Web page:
Team Smith Just Miss Out On Semis...Twice!

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Scotland’s men have been squeezed out of the European Curling Championships in Esbjerg by the reigning world champions.

Team Smith effectively suffered twice at the hands of their vastly more experienced opponents since they would have been in the top four at the end of the round-robin stages had Team Edin, who are also the reigning European champions, managed to win their final pool match against Finland.

Instead the Swedes’ defeat, allowing their Finnish opponents to steal shots at both the final end and the extra end, meant that both rinks finished tied with Scotland and Switzerland in second place, bringing the tie-break options into the equation.

Switzerland and Finland having claimed two wins apiece in the head to heads among those four sides, went through in second and third places, leaving Scotland and Sweden, who had each won only one of those head to heads, to contest a tie break match for the final place.

It proved to be a high quality encounter, the Scots recovering to level things instantly after conceding a double at the second end, then again after conceding a triple at the fourth.

However Team Edin made the telling thrust with a double at the seventh end and Kyle Smith just failed to keep the match alive with the last stone at the final end when he removed his opponent’s shot stone, but just nudged his own stone that had been lying second too far.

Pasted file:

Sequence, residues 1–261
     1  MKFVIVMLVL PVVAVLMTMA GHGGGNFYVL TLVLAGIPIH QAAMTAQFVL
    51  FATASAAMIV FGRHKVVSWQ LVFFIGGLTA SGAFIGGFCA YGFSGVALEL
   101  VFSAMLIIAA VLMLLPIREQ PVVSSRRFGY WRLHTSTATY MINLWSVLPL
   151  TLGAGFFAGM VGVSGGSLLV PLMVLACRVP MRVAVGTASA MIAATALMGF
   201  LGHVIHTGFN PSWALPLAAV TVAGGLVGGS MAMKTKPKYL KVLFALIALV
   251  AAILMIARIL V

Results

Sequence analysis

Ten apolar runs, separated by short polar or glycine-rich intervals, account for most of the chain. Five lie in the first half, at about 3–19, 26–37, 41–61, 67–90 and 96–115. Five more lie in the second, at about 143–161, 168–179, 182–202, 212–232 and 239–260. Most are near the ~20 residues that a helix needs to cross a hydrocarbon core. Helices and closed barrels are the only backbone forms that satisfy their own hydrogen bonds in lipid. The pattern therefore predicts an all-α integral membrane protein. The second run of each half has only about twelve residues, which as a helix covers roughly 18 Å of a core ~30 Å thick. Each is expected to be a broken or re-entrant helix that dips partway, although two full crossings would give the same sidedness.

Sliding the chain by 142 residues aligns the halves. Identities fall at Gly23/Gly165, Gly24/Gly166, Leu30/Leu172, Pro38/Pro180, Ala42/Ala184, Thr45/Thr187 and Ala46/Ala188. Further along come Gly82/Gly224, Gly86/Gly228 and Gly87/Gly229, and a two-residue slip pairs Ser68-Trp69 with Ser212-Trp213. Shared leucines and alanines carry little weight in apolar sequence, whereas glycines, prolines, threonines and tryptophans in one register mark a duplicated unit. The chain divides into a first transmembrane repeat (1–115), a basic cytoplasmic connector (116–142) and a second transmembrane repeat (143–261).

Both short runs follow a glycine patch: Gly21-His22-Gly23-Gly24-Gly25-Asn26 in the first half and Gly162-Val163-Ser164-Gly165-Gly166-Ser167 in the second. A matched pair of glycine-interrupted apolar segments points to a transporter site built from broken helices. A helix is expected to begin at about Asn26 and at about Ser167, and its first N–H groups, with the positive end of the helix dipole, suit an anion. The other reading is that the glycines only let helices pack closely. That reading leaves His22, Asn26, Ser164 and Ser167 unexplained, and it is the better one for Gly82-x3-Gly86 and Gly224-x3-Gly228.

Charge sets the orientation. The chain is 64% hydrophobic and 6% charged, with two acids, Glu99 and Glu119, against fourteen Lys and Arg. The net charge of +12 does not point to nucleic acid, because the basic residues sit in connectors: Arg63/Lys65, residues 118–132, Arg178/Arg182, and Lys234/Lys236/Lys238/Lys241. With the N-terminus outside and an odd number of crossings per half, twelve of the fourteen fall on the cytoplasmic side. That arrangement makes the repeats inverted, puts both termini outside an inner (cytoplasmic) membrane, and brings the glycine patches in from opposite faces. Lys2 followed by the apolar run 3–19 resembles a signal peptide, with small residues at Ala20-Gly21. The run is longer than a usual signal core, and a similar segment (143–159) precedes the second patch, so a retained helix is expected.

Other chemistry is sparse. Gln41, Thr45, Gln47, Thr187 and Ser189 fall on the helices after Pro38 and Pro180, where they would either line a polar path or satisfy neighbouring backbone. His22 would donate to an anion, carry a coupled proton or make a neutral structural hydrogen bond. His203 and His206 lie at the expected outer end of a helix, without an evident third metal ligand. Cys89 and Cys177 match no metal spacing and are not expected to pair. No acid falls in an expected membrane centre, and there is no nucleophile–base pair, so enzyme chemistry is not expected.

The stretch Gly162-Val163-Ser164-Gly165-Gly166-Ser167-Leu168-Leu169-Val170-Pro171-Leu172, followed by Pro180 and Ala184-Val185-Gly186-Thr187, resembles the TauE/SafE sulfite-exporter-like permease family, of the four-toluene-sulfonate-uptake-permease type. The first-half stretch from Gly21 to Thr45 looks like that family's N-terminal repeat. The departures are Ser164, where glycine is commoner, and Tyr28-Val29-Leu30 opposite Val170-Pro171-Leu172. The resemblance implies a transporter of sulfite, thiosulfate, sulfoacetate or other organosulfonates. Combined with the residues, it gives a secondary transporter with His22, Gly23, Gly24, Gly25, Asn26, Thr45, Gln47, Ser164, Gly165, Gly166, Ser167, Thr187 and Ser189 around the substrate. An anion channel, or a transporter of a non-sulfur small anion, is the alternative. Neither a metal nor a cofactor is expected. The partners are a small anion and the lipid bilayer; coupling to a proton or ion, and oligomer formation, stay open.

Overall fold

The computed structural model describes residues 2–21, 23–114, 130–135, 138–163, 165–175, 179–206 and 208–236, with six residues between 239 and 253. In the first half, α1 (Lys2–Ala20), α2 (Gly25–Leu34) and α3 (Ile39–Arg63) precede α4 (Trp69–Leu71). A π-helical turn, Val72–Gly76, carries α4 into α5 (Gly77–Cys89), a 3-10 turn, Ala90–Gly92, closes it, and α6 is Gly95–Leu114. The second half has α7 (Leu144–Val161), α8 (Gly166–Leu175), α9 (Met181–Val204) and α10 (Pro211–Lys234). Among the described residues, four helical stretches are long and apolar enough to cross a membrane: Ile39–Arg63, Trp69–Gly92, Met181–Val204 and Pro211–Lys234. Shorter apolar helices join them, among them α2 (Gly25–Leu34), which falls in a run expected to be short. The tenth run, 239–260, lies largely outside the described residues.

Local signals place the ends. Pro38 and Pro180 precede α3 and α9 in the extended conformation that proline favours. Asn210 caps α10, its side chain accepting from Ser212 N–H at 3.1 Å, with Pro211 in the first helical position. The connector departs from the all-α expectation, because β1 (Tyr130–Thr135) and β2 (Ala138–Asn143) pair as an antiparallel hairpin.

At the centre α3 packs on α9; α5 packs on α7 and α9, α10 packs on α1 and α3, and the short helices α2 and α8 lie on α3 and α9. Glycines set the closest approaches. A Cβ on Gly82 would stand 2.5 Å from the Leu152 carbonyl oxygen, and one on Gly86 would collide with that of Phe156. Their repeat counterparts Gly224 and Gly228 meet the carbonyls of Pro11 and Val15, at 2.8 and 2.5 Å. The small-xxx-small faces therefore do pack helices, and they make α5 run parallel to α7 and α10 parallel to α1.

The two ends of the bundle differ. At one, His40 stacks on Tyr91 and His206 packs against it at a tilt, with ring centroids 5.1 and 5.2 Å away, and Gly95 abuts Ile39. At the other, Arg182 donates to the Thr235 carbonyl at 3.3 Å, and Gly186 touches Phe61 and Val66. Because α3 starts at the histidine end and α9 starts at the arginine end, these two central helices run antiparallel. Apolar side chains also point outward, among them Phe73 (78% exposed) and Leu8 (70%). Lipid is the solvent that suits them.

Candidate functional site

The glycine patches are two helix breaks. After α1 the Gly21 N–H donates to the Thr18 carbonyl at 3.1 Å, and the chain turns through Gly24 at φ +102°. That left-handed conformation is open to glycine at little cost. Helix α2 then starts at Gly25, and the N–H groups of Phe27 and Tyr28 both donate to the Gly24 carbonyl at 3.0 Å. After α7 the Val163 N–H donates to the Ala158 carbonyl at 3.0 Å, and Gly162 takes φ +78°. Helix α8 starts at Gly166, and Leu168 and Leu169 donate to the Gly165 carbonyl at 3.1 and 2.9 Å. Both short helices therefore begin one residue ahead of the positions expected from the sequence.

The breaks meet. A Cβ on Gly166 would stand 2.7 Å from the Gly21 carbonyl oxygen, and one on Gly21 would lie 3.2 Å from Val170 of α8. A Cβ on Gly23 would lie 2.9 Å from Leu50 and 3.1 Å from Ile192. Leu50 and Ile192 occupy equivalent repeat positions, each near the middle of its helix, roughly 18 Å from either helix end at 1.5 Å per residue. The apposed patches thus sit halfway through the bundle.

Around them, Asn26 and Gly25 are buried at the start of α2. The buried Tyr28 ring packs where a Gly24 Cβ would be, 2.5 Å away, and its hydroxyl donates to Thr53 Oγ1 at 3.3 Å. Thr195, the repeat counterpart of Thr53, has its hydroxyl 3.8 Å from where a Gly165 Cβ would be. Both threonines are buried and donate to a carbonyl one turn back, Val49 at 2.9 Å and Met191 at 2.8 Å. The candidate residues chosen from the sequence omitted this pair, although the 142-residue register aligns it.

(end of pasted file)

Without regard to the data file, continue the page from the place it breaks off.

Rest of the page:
A dominant performance against Germany had taken the young Scots into the knock-out stage, their two shot lead after the opening end doubled when opposing skip Alexander Baumann missed his attempt at a saving draw with the final stone at the second.

When Baumann then repeated that mistake to allow the Scots to take a three at the third the match was all but over and they retained that seven shot advantage in running out 12-5 winners.

They were then left with that anxious wait to see whether Team Edin could help them as well as making their own path to the semis more straightforward.

However, disappointing as the manner of their exit was they can take great confidence from their overall performance in adjusting to competition at this level.

It had looked as if it could be a chastening experience when they lost four of their first five matches to be bottom of the standings and even heading into that final round-robin match against Germany there was still a possibility that they could find themselves involved in a play-off to ensure Scottish involvement at this season’s World Championships, but the skip saw only slight consolation in that immediately after the defeat.

“That was probably the first goal of the week. It was just disappointing not to have also got to the semi finals,” he said.

“There's been a lot of downs, but it's kind of pleasing to come so close after the start to the week we had.”

Getting as close as they did to a semi-final was a demonstration of considerable character at their first senior event, however as Viktor Kjall, their coach, noted, “The way they turned this round from being one win and four losses to being in the playoff tiebreaker, I'm really impressed with how they played the last four-five games,” he said.

“It was like a completely different team. They should be really proud. It's a great first experience and they'll learn a lot from it to come back in future.”

(Quotes courtesy of Richard Browne, from the roaringgameblog in Esbjerg)

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